While generally rare, some recent sightings of black bears New Castle County have come as a surprise.
Black bears are generally more afraid of humans than the other way around. That being said, they’re also creatures of habit.
If a black bear detects (they have a sense of smell seven times stronger than bloodhounds) something yummy in your yard — like birdseed, a dirty grill, uncovered garbage or a compost pile — they’ll come check it out. If you don’t chase them away, they’ll become more and more comfortable coming back. That makes them harder to chase away and more likely that they’ll attack when startled or backed into a corner.
While there’s probably no coming invasion, keeping your yard clean can deter any possible individuals (or two) from paying your property a visit.
Also known as a Cougar, the Mountain Lion is the first of the two big cats found in the First State. It’s a large cat that’s native to the Americas. It’s got a pretty wide area of habitation, being seen from Canada in the north to Patagonia (the southernmost section of South America) in the south.
However, this range doesn’t include Delaware, so it’s extremely unlikely you’d come across one. Which is probably a good thing, as unlike some of the animals on the main list, cougars are dangerous to humans. Though they’re not usually aggressive, they are strong and have been involved in human attacks before. While attacks are generally rare, hungry or hurt cougars might be provoked.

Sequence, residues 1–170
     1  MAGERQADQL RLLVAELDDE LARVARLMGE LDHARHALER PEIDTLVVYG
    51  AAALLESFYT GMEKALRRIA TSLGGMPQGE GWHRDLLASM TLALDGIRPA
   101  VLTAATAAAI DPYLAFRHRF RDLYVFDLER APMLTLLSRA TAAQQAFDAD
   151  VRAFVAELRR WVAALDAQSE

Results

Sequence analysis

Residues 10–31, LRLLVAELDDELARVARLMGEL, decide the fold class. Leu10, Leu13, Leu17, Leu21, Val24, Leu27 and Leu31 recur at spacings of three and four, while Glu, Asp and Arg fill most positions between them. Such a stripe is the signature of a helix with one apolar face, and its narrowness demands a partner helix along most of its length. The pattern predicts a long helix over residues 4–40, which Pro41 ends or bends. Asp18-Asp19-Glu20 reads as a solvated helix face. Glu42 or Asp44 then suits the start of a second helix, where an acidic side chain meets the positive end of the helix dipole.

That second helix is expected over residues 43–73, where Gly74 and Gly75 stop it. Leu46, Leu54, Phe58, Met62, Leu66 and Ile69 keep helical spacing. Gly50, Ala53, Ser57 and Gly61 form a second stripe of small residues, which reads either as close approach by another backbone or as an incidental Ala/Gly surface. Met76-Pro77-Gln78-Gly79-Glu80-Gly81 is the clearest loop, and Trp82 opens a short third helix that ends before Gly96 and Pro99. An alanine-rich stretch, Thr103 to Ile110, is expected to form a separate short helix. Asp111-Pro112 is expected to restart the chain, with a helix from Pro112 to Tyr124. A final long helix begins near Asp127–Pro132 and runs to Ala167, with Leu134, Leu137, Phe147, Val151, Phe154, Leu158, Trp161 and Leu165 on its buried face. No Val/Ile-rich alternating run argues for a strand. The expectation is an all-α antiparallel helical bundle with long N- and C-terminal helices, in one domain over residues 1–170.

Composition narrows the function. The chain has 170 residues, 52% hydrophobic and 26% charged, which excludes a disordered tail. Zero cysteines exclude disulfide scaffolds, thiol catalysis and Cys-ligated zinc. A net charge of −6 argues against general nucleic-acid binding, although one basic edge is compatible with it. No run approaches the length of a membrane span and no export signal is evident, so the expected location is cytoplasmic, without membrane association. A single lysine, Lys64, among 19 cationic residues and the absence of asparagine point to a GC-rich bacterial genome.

The second big cat on this list, the bobcat. This is the smaller of the two, and unlike the Mountain Lion, it’s not too much of a danger. If you come across one, it’s most likely just looking to hunt down the mice or other rodents on your property, but it’s probably not interested in you. Making loud noises can usually make it move away to find some place nice and quiet.
Not that you’re likely to encounter any of them a lot. While it is found in Delaware from time to time, it doesn’t have a large population in the First State, as those that appear there are usually visitors from nearby areas.
Manatees in Delaware? I know what you’re thinking. Wrong place! Well… Most of the time, you’d be right. However, there was a recent sighting where one appeared not far from where Chesapeake Bay and Delaware Bay meet.
These docile herbivores are usually found in coastal waters and going through estuaries, in rivers as well. That being said, they usually prefer the warmer waters to the south.
If you do encounter one (which is admittedly still rare, but who knows?), don’t worry – they may be large, but they’re harmless to human and aren’t known to be aggressive. In fact, that’s what’s made them easy prey when people used to hunt them (they’re now protected by law).